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An increasingly digital world offers insurance carriers the ability to grow their addressable markets – and their revenue. But that depends on insurers transforming into “living organizations,” defined by Accenture as “agile, flexible organizations with fluid business and operating models and an obsession with maximizing their relevance.”

In a recent report, “Insurance as a Living Business: Explosive Growth,” Accenture says that insurance industry revenue can grow by as much as $177 billion worldwide in the next five years, thanks to digital technology increasing access to insurance products, as well as the development of new products. In addition, existing insurance spend is up for grabs for companies that respond quickly and nimbly to macro trends, to the tune of about $198 billion.

“The total that is accessible to living businesses is therefore $375 billion,” Accenture writes. “Our analysis indicates that insurers that retain their faith in the traditional business model, in preference to transformation, will contribute the bulk of this in the form of forfeited market share. This is likely to be offset only by the normal expansion of the market, as they will be able to benefit minimally from the new business opportunities.”

There are models for such transformation in other industries, which mostly revolve around helping customers use their time and resources more efficiently. Accenture highlights how cruise operator Carnival distributed medallions to its customers, which connect to sensors to offer personalized recommendations on thousands of screens around the ship and sense when a person is returning to their room to re-activate the climate control. And Michelin launched its sensor-driven EFFIFUEL initiative to help truckers manage fuel costs by monitoring fuel consumption, tire pressure, temperature, speed, and location.

“The Internet of Things and other digital technologies are likely to transform insurance by replacing pooled, historical data with individual, real-time data for risk assessment and pricing,” Accenture says. “They also create the opportunity to use this data for other services than just insurance – services that large commercial customers have been willing to pay for, and that insurers are now able to offer affordably to medium and smaller customers.”

Insurers will have to adopt five key characteristics to become living businesses, Accenture explains, which follow.
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1. Targeting the desired value roadmap
Insurers need to think strategically about what opportunities are credibly available within their product and transition into targeting those opportunities, Accenture says. But that doesn’t mean jumping in with the newest and hottest thing immediately, the consultancy warns.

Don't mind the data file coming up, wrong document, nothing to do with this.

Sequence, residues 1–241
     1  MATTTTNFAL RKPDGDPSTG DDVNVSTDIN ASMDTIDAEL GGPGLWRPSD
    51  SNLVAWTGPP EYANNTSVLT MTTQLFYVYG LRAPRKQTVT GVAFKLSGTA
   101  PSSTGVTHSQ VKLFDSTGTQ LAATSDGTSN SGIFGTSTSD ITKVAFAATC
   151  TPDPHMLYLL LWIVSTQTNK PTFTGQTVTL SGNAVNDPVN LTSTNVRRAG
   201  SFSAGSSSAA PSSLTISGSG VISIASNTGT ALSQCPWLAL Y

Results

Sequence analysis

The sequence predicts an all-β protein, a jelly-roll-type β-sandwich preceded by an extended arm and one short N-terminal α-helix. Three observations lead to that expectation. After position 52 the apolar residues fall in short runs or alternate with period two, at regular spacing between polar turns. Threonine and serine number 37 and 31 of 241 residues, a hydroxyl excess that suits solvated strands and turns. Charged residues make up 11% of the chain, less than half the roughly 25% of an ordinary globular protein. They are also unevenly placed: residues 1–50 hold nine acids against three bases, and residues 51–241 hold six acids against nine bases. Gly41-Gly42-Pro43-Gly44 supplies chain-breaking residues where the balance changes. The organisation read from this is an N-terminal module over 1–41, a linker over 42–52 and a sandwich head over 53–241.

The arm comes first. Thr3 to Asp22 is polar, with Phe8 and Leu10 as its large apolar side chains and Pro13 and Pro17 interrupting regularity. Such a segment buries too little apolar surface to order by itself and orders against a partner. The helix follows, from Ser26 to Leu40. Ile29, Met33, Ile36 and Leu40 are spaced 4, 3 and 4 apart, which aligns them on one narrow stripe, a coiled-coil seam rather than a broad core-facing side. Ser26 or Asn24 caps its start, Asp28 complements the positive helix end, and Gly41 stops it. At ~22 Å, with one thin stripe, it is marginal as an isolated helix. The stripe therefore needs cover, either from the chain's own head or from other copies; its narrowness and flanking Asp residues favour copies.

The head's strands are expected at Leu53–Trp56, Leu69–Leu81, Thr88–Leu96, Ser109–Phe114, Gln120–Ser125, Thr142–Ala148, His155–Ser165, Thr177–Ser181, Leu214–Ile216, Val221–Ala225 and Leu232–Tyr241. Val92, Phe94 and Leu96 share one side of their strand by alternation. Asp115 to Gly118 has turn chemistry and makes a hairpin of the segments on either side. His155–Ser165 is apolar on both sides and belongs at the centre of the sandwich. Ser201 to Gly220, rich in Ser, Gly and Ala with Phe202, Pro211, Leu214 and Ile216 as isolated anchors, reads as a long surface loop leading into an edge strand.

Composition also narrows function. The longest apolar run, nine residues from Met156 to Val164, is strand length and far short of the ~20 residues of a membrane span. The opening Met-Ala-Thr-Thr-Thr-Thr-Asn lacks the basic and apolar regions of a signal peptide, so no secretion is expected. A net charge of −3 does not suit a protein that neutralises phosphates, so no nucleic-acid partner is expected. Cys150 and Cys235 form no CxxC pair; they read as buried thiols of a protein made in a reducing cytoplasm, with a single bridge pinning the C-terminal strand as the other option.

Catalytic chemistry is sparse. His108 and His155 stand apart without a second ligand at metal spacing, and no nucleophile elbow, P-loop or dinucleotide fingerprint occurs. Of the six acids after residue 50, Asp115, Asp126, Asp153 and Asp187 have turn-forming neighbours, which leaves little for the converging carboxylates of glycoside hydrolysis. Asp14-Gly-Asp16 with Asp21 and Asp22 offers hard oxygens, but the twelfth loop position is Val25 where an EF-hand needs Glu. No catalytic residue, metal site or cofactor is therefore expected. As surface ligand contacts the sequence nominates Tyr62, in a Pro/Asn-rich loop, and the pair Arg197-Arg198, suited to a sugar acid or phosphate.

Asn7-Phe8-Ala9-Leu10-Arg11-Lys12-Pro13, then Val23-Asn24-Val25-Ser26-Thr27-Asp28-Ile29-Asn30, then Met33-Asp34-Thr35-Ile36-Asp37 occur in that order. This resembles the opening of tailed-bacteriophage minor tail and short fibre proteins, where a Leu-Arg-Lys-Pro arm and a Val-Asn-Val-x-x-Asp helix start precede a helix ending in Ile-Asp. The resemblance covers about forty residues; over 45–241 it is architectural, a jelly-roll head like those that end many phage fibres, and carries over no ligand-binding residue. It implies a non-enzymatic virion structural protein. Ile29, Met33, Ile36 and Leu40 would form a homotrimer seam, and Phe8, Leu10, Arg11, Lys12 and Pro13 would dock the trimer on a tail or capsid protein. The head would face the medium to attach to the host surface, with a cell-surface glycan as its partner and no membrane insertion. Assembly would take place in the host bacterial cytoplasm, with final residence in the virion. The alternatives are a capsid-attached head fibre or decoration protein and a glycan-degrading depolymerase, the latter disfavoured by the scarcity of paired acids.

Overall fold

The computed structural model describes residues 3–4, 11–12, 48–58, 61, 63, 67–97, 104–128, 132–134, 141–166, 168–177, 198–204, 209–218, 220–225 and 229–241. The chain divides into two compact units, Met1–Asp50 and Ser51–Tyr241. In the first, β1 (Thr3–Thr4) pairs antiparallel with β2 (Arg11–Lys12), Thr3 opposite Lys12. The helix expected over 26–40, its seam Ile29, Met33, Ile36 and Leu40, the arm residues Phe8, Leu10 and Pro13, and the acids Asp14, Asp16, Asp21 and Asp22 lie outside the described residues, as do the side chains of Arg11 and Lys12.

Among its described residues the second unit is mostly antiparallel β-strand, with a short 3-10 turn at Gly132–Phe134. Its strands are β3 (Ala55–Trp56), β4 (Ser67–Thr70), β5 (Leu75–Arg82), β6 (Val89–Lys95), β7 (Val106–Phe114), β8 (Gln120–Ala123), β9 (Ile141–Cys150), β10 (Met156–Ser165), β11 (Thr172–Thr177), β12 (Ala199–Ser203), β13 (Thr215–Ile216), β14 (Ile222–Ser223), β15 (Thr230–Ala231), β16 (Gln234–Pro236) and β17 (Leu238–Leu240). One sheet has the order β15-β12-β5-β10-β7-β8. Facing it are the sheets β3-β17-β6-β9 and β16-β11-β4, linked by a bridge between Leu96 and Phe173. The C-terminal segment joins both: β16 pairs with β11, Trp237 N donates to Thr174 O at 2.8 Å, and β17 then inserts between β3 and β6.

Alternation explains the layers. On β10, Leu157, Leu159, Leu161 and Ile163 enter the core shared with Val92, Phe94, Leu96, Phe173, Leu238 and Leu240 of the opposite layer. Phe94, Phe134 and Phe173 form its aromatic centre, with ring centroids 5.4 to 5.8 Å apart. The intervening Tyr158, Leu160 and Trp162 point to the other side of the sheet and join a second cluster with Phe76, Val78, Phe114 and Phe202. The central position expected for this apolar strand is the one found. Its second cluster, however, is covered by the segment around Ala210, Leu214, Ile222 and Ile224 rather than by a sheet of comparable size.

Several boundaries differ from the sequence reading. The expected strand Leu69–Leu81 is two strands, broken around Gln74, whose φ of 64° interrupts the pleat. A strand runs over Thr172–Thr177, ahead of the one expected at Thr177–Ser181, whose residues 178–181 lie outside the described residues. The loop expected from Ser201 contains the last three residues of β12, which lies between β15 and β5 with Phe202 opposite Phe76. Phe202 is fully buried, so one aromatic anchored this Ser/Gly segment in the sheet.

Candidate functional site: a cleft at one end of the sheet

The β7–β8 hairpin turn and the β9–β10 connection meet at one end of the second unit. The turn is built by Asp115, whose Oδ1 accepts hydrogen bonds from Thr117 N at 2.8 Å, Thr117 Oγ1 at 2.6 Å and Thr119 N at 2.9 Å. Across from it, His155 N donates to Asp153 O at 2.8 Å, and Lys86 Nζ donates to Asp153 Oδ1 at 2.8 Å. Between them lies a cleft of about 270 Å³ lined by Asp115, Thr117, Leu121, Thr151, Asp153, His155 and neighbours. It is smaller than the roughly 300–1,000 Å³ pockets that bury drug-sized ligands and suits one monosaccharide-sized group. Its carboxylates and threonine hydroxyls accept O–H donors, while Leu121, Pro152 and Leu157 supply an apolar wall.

“A more logical, sequential approach is better advised. Develop the capabilities to realize the opportunities that currently exist, and when these have been effectively scaled and have become sustainable, start to target the ecosystems and new risk exposures that will take you to the next level,” Accenture writes.
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2. Designing living services
The insurance products of the future should be responsive to customer data in real-time, especially leveraging AI and analytics technology, Accenture says. The shift from using historical data to using real-time data to understand risk will be a defining characteristic of living organizations.

“These living services will wrap around customers, constantly learning from them about their needs, intentions and preferences,” the report says. “Living services will talk to them, help them and even entertain them – a far cry from traditional insurance services.”
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3. Building and iterating intelligent platforms
The platform on which all these efforts will be built has to reflect the digital moment. That means employing cloud and API services, as well as Agile development techniques, in the IT organization, Accenture says: “By fostering an iterative mindset, you can manage big data in ways that optimize the customer experience across digital and physical channels.”
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4. Connecting to diverse ecosystems
The most effective insurance products of the future will have to fit into an entire suite of services employed by customers that make the most of digital connectivity. Accenture suggests insurers partner with the so-called GAFA organizations – Google, Amazon, Facebook and Apple – to “gain access to large pools of potential customers, create an environment, services and experiences that are more appealing than you as an insurer alone can do and together create a formidable alliance to drive profitable growth.”
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5. Sustaining a fluid organization
All the macro trends around digital will influence the kind of workforce insurers employ, as well. Carriers will need to hire data scientists, tap into freelancers to scale up quickly and even use automated labor like artificial intelligence. Insurers should also use DevOps approaches to system rollout,” Accenture recommends.

“Fostering innovation and entrepreneurial skills is critical to finding new, relevant ways of engaging with customers. Extending the talent pool beyond employees, contractors and consultants to include specialists – especially in key technologies – using crowdsourcing and on-demand sources will significantly enhance your agility,” the study says.